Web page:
Asian carp are very large fish that can weigh up to 100 pounds and are able to eat 40 percent of their body weight each day. The carp are about five feet long and have an abundant reproduction rate. Due to their voracious appetites and quickly increasing population, the carp pose a serious threat to the ecosystem of the Great Lakes.
In the 1970s, farmers imported Asian carp to clean up algae from ponds in the Deep South. Since this time, the invasive species has migrated north. Asian carp are now at the edge of the Great Lakes. The carp were able to enter the Great Lakes territory when the electric barrier fence between Lake Michigan and the Chicago Sanitary and Ship Canal, which were installed to keep the fish contained to the canal, was shut down for maintenance. Because the electric barriers were not functioning and the carp would have the opportunity to enter into the Lake Michigan area, the Illinois Department of Natural Resources used in the canal a natural fish poison called rotenone, which was to make sure that any carp that got through were exterminated before irreversible damage was done.
Protecting the Great Lakes from harmful invasive species is important. For this reason, I am a co-sponsor of the Great Lakes Collaboration Implementation Act, which will protect Lake Erie and the other Great Lakes by prohibiting the importation of an invasive species and will prohibit federal agencies from promoting the introduction or spread of invasive species unless the benefits outweigh the harm. I believe that the Great Lakes are invaluable natural resources for Pennsylvania and the United States and should be protected.
Yesterday, I toured the Pennsylvania Horticultural Society’s Philadelphia International Flower Show. At the event, joined by United States Representative Allyson Schwartz (PA-13) and Philadelphia Mayor Michael Nutter, I held a press conference on the importance of green infrastructure in urban areas and announced my plan to introduce the Green Communities Act in the Senate.
In Pennsylvania and around the country, improving the environment can lead to economic growth. For instance, a recent study from the University of Pennsylvania found that the value of homes located next to a newly planted tree in Philadelphia increased by 9 percent. The value of homes located next to a cleared and greened lot increased by a whopping 30 percent. What this means is that if a home located next to an empty lot would sell for $160,000 right now, it could sell for $208,000 if the neighboring lot was turned into a park.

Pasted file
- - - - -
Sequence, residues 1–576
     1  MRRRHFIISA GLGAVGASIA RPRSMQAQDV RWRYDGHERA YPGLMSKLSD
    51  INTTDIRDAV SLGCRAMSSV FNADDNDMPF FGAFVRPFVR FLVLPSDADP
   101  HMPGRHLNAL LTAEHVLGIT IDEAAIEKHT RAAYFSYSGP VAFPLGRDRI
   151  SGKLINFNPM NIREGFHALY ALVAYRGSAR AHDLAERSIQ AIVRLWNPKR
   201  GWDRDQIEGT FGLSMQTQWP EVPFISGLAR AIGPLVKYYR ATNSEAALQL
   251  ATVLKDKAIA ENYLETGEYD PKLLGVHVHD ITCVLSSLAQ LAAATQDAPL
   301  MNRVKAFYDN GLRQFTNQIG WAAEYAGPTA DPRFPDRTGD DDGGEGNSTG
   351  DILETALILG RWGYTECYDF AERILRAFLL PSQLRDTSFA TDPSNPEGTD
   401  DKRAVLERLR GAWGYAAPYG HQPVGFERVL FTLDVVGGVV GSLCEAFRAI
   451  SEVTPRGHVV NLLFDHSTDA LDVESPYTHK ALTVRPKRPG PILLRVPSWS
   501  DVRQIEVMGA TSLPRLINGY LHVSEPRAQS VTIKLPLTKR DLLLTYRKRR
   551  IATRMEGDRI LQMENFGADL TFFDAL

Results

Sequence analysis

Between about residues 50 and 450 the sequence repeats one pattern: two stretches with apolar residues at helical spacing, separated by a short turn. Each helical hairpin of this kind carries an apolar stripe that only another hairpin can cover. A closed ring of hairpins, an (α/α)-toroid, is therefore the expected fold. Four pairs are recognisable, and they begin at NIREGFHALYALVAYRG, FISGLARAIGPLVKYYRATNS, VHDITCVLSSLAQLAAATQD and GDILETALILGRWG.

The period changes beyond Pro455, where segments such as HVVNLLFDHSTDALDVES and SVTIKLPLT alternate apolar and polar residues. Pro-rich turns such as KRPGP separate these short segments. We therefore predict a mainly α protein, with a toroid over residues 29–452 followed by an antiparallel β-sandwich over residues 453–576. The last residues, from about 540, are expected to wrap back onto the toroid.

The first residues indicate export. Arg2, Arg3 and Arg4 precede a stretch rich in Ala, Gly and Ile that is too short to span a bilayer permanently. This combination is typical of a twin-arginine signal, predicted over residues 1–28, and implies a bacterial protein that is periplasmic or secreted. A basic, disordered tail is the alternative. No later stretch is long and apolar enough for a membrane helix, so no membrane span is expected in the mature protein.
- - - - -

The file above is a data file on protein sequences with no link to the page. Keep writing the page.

Research like this should not be ignored and demonstrates that economic growth and environmental restoration can be pursued simultaneously. For this reason, I introduced S. 3055, the Green Communities Act, a companion bill to Representative Allyson Schwartz’s H.R. 2222. The Green Communities Act assists cities in planning, designing and implementing green infrastructure strategies, such as turning vacant industrial buildings into parks. Research shows that urban greening not only improves the quality of life for residents but also attracts new business and generates economic growth.
Founded over 175 years ago, the Pennsylvania Horticultural Society (PHS), in cooperation with the City of Philadelphia, has improved the quality of life in Philadelphia’s neighborhoods and public spaces through its Philadelphia Green program. PHS’s urban greening initiatives have made an important and noticeable impact. I enjoyed meeting with PHS members and staff working to stimulate green economic growth in Philadelphia. I was lucky enough to tour the show with Jane Pepper, President of PHS, Sam Lemheney, the show designer and Blaine Bonham, Vice President of PHS and the founder of Philadelphia Green. It was great to see such a world-class exhibit right in downtown Philadelphia. I look forward to seeing the Green Community Act enacted into law to increase urban greening in Philadelphia and other cities across the Commonwealth and the Nation.
Earlier this month, I received news that Harley may consider relocating its York, PA plant. At this time, I told Keith Wandell, the CEO of Harley-Davidson, that I would work with him and the employees at the York plant to keep Harley in business in PA. As part of my on-going effort to keep Harley jobs in PA, earlier today I introduced the Green Transportation Efficiency Act (GreenTEA) of 2009. GreenTEA gives American consumers vouchers to encourage them to trade in their older, less fuel efficient vehicles for new, more fuel-efficient vehicles, including motorcycles. Motorcycles are inherently fuel efficient, averaging 40-50 miles per gallon, even higher for smaller bikes. Harley-Davidson, like the auto makers and other manufacturing sectors, is fighting hard to maintain its workforce and to continue to produce a high quality, American-made product during these tough economic times. GreenTEA will help stimulate consumer demand for this great American brand. In addition to stimulating the economy, GreenTEA will help achieve the dual goals of reducing our demand for imported oil and reducing our emissions of greenhouse gases.